Paul Dyck and Mathew Martin
Dyck, Paul and Mathew Martin. "Constructions of the Early Modern Subject: Introduction." Early Modern Literary Studies Special Issue 9 (January, 2002): 1.1-3 <URL: http://purl.oclc.org/emls/si-09/martdyck.htm>.
- At least since Burckhardt's discussion of "The Development of the Individual" in The Civilization of the Renaissance in Italy (1860), the Renaissance or early modern subject has been the hero or villain of a number of historical and critical discourses. The uncertainty surrounding the appropriate period term to apply to this subject under question is symptomatic of its discursively contested nature, a subject subjected to a variety of constructions by an array of differing and often antagonistic Enlightenment and post-Enlightenment renderings of European history. If literary as well as political and historical liberalism has venerated the period it calls the Renaissance as the cradle of the triumphant liberal individual, then Marxism and its variants consider the period to be early modern, the embryonic period of modern capital and its alienated, disciplined, consuming subject. These two metanarratives have provided, and continue to provide, theoretical frameworks for the literary study of the period and its literature, but the theory revolution in literary studies has seen the development of a number of powerful alternative models of the period and its subjectivities: psychoanalysis, new historicism, cultural materialism, and feminism. In collaboration or conflict with each other, these recent theoretical approaches analyse the contours of early modern subjectivity in order to revise our understanding of the period, of the lives of those who lived during the period, and of the period's relation to the present. Other scholars have argued that our understanding of early modern selfhood should be grounded in the terms and models of self-understanding available to early modern individuals and that such an understanding problematizes the linear narratives of transition from medieval to Renaissance or early modern that explicitly structure the metanarratives of liberalism and Marxism and are frequently invoked by or implicit in more recent theoretical approaches.
- The debate on this subject shows no sign of flagging, much to the delight of the editors of this special issue. As we began putting the ideas for it together, our interest was not to close but to focus the debate, to take stock of its central issues and the key questions it raises. What exactly is the object these discourses intend to study? If early modern subjectivity is a mode of interiority, then how should that interiority be analysed, and what is its relationship to the socio-economic formation of which it is a part? What evidence does one use to support a claim about early modern subjectivity, and is this evidence sufficient? How do modern scholars justify privileging the terms of their own analyses over the (primarily theological) terms of self-understanding used by the people of the period? How should modern scholars deal with the limits placed on their own inquiries by the historicity of their own hermeneutic assumptions? Do recent theoretical paradigms "discover" an early modern subject or merely construct one according to their own imperatives and desires? If the reconstruction of early modern subjectivity is possible, how can literary texts be used in such a reconstruction? In what ways is the reconstructed early modern subject a site of discursive struggle within the academy? What claims are being made about/on/on behalf of this subject and why?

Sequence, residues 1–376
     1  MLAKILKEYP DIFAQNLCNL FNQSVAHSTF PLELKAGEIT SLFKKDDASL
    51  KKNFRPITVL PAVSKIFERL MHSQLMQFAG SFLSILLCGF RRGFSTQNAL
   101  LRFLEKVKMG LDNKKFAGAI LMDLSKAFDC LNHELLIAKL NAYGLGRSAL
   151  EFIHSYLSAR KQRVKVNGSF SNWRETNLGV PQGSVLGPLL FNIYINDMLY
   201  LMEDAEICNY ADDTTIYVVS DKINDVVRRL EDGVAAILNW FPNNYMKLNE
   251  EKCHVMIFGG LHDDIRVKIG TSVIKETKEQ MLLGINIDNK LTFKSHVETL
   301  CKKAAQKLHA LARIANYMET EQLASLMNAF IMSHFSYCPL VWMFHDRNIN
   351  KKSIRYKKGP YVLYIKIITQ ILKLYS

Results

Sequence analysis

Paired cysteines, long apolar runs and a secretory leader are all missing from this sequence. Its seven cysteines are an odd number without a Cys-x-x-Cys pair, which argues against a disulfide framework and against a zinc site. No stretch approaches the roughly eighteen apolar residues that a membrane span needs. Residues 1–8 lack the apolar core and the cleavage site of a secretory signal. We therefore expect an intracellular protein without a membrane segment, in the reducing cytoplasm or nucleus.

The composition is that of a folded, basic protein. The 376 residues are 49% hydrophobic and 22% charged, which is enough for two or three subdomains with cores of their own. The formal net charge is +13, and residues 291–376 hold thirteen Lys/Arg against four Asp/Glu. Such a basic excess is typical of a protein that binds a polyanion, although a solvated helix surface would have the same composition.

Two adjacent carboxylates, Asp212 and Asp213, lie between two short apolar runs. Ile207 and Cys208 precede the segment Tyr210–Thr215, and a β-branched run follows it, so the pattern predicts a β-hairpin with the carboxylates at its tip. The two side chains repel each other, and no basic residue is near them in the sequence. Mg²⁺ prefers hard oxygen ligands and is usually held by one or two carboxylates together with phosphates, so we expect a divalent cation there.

- The three papers that constitute this special issue respond to these questions. The papers are diverse but illuminating, covering different ground but mutually informing, speaking to each other's concerns in a variety of interesting ways. The complex relationship between surveillance and the secret self as manifested in early modern rogue literature is the focus of Dr. Woodbridge's paper. Woodbridge warns against reading this relationship in the Foucauldian terms of subjective interiority produced by a culture of surveillance. By distinguishing between the literary realism of the rogue pamphlets and the realism of actual documentary reporting, Woodbridge suggests a reversal of the Foucauldian equation: the fearful recognition of the socially transgressive possibilities of the secret self generated tropes of investigation, discovery and surveillance that filled rogue literature and a range of other early modern discourses before finding--perhaps causing--systematic institutional embodiment. Turning from underworld to New World, Dr. Jonathan Hart approaches early modern European subjectivity from the margins of its formation, New World encounters between Europeans and the aboriginal peoples they struggled to other. Hart uses kidnapping and mediation both as concrete instances of the difficulties of generalizing about early modern European subjectivity and as metaphors for the problematic procedures we as twentieth-century scholars employ when we attempt such generalizations. Dr. Bruster's contribution concentrates entirely on methodological issues, but the colonial metaphor continues. In a series of highly provocative aphorisms Bruster suggests that too much critical writing on early modern selfhood is "costume drama," our concerns dressed up in period clothing. Bruster urges us to reevaluate and reform our research methods in order to become "resident aliens" in the period. He is well aware that his proposals are contentious, and indeed they raise as many questions as they answer. The editors are sure that you will find these three papers to be as timely and as thought-provoking as they have.
© 2002-, Lisa Hopkins (Editor, EMLS).
(PD 23 January 2002)